Saturday, February 16, 2019

WFA ’19: Baby Won’t You Please Come Home (short)

You know the title standard must be a bluesy torch-song, because it was first popularized by Bessie Smith and subsequently covered by Billie Holiday, Sarah Vaughan, and Julie London. Pearl Simmons also recorded it, but the homecoming part probably had more personal resonance for her than the wayward man. Sadly, she no longer performs, presumably in part because her faculties are slowly slipping away in Christopher Piazza’s short film Baby Won’t You Please Come Home, which screens during the 2019 Winter Film Awards.

Simmons and her contractor husband always took pride and pleasure in the elegant home they purchased and fully restored in an affluent neighborhood. Over the years, it was their source of security. Unfortunately, he passed three years ago. She misses him during her moments of lucidity, but Simmons is getting increasingly lost in her memories. She is also losing time, growing ever more forgetful, and confusing past and present. Her grown daughter Cynthia fully recognizes the problem, but her determination to protect and manage her mother might no longer be realistic.

Viewers can be confident the music in Baby is legit, because young Simmons is played by rising star jazz vocalist Jazzmeia Horn, who is backed by real deal jazz musicians like Andrew Gutauskas on baritone saxophone (a somewhat unusual choice for a singer’s combo, but it sounds great) and Steve Einerson or Adam Birnbaum on piano. Simmons’ choice of repertoire also rather surprisingly leans towards the traditional. In addition to “Baby Won’t You Please Come Home,” she also performs a powerful “Just a Closer Walk with Thee” and a very nice “I’ll See You in My Dreams” (an Isham Jones tune).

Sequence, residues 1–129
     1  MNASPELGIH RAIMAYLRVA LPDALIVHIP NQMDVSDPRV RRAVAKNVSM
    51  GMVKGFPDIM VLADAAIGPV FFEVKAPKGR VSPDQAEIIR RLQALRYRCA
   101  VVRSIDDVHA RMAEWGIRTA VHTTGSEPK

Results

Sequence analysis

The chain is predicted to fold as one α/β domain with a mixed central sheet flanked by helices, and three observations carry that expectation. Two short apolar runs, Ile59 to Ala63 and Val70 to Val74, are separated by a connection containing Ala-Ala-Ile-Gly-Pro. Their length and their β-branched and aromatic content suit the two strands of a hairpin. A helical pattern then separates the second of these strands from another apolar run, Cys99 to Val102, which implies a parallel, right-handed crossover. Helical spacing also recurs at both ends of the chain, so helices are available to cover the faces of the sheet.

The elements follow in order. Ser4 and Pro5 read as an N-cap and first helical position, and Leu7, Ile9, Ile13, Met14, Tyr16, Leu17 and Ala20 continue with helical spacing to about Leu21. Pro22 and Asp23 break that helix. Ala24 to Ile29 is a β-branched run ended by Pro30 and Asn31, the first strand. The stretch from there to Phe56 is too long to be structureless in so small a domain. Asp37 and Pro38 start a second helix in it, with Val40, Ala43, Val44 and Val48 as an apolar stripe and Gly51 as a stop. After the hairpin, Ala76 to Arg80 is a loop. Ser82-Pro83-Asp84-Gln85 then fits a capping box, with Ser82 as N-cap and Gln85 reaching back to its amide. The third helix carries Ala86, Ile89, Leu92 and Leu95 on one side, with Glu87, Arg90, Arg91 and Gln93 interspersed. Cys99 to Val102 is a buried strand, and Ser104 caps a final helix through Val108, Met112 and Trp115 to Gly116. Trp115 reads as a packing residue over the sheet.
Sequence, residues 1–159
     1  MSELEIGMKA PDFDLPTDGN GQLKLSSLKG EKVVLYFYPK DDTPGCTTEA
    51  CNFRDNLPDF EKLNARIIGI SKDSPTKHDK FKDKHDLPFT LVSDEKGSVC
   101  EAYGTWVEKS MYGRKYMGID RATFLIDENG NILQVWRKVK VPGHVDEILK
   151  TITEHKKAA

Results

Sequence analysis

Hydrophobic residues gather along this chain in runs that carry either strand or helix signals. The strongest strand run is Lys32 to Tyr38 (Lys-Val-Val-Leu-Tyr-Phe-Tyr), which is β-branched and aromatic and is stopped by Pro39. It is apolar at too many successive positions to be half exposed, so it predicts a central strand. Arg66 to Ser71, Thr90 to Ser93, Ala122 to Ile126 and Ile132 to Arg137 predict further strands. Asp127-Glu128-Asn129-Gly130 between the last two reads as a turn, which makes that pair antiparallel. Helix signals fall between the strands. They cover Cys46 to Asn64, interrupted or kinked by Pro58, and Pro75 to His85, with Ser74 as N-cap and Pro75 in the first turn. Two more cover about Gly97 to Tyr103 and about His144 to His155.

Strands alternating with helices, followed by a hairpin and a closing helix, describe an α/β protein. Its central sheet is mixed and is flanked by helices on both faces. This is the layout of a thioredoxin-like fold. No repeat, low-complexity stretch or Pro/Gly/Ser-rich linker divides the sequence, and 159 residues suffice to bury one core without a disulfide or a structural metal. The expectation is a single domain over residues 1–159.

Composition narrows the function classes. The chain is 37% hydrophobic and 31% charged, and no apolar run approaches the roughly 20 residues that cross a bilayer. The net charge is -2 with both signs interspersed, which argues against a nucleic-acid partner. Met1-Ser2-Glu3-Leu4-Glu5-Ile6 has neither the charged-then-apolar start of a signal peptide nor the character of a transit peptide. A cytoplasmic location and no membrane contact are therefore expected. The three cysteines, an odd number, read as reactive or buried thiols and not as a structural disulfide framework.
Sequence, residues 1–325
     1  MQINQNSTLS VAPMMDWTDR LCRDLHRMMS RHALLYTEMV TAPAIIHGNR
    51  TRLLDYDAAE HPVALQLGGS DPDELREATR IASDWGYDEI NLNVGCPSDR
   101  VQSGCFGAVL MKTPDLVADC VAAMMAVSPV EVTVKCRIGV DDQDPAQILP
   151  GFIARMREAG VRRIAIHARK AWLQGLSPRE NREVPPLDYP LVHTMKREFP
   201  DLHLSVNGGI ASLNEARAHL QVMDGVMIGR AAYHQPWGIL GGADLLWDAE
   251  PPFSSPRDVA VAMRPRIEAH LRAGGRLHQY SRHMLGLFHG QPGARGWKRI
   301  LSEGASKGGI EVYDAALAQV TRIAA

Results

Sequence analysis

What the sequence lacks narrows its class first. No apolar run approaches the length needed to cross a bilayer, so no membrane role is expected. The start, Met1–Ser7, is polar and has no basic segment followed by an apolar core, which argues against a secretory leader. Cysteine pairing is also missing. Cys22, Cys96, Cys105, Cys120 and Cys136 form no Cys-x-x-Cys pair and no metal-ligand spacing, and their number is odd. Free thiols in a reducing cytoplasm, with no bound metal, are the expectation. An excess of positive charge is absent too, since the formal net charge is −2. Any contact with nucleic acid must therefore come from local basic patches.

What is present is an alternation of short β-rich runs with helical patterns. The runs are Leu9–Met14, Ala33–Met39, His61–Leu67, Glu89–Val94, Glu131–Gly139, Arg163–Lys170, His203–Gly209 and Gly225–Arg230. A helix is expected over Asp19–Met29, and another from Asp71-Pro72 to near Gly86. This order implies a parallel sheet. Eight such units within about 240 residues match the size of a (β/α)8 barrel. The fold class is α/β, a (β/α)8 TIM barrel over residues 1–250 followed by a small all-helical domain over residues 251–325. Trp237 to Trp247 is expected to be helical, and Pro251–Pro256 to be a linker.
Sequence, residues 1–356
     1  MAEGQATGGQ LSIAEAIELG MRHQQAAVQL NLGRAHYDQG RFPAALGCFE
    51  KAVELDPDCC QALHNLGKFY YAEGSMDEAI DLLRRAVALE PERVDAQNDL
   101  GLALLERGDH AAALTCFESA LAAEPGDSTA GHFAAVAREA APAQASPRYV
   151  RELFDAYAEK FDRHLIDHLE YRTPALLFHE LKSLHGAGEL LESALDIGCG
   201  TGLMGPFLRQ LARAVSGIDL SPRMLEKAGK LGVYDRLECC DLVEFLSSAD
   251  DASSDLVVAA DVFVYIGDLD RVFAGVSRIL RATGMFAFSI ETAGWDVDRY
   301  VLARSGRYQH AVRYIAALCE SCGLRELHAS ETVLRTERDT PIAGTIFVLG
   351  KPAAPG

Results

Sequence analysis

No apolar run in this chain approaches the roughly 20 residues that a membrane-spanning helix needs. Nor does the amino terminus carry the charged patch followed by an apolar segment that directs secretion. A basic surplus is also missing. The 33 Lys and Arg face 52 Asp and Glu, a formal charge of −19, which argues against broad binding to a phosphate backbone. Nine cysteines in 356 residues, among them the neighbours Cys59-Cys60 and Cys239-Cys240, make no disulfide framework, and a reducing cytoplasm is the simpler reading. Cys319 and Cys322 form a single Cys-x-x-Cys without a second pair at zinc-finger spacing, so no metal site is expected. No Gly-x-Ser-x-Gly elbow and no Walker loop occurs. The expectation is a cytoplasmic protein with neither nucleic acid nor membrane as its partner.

Piazza nicely uses scenes of the younger singer at the peak of her performance powers as a counterpart to the older, somewhat impaired Simmons. Horn really does not have much to do from a dramatic standpoint, but she undeniably commands the stage. On the other hand, Michelle Hurst is quite poignant, in a heartbreakingly realistic way as the contemporary Simmons.

Baby would pair up quite nicely with Richie Adams’ feature film, Of Mind and Music, both in terms of their respective themes and musical content. The music swings, but Piazza also portrays the challenges of dementia and care-giving with sensitivity and empathy. Recommended for jazz patrons and fans of senior-focused dramas like Iris and On Gold Pond, Baby Won’t You Please Come Home screens tonight (2/16) and Tuesday afternoon (2/19), as part of this year’s Winter Film Awards.